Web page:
Then week 15 was here and gone like the previous weeks. At this point, time was flying by. The days where really tough though. Not as much because of the physical nature of the trail but the mental and emotional trial of hiking for almost 3 months. I was pushing myself each day to continue hiking. Telling myself that if I made it through today that it was get easier. I can’t say that I was really enjoying the hike at this point in time. I was really ready to take a long break or just get off the trail. I did not want to quit either. I had to just push through each day. I was hiking in Vermont by week 15. The hills where returning. At least now after hours of walking in Vermont you are rewarded with some cool views on a few high points. A turning point for my mental state of feeling was Killington Mountain. This was the first time I had been over 4,000 feet in a long time. Since Virginia actually. The other motivation I had for hiking this week was my Brother was visiting. Joe was coming out to see me for a week on the trail.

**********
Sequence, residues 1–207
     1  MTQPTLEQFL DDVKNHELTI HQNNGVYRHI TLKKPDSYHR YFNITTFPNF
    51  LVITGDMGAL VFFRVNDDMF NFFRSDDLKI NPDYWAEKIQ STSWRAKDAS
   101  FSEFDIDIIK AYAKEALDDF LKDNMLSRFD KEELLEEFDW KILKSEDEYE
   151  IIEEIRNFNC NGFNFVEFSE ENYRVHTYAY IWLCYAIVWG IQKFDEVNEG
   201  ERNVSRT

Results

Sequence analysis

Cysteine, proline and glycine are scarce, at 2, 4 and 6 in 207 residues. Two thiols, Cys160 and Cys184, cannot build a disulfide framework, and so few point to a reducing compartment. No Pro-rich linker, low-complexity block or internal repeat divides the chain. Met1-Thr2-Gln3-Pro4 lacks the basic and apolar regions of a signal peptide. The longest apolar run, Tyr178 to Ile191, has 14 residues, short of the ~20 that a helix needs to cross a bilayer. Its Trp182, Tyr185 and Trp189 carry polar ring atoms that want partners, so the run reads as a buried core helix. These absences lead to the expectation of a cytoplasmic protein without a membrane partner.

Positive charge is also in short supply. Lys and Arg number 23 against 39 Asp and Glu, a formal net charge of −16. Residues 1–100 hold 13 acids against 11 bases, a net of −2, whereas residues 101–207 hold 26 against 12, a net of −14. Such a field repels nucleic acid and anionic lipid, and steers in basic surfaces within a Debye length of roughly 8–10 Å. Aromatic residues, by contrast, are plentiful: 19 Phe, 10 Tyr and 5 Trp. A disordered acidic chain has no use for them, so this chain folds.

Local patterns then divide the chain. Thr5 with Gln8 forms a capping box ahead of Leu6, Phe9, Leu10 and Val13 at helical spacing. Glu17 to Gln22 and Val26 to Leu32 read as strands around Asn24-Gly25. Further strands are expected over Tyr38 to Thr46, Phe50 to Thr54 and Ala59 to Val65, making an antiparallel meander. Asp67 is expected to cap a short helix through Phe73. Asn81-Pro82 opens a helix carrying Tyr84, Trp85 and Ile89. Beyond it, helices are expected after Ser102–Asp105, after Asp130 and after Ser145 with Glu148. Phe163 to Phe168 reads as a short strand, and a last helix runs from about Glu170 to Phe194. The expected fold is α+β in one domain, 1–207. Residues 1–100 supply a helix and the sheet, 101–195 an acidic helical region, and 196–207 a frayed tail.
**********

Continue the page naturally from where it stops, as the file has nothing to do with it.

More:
Week 16 marked the week of Joe’s arrival to Rutland, VT. I was glad to see him and excited to take a day off and use the rental car that he generously got for our convince. We spent a night in a motel getting great food and cleaning up.
Joe and I took 5 days to hike the remaining 50 miles of Vermont to New Hampshire. If you don’t know Joe, your missing out. Joe at this point in his life was training for his first full length ironman. So as you might imagine you have to be in pretty good shape to do an Ironman (which he did accomplish weeks after our hike). So when we hiked 10 miles a day and he carried about 15 pounds of gear and he was complaining (only a little) about how tough the trail was, it made me feel good. This was because I had spent the last 120 days conditioning myself to do one thing really well. I was a professional hiker. 10 miles for me was less than a half days work. 10 miles for Joe was exhausting.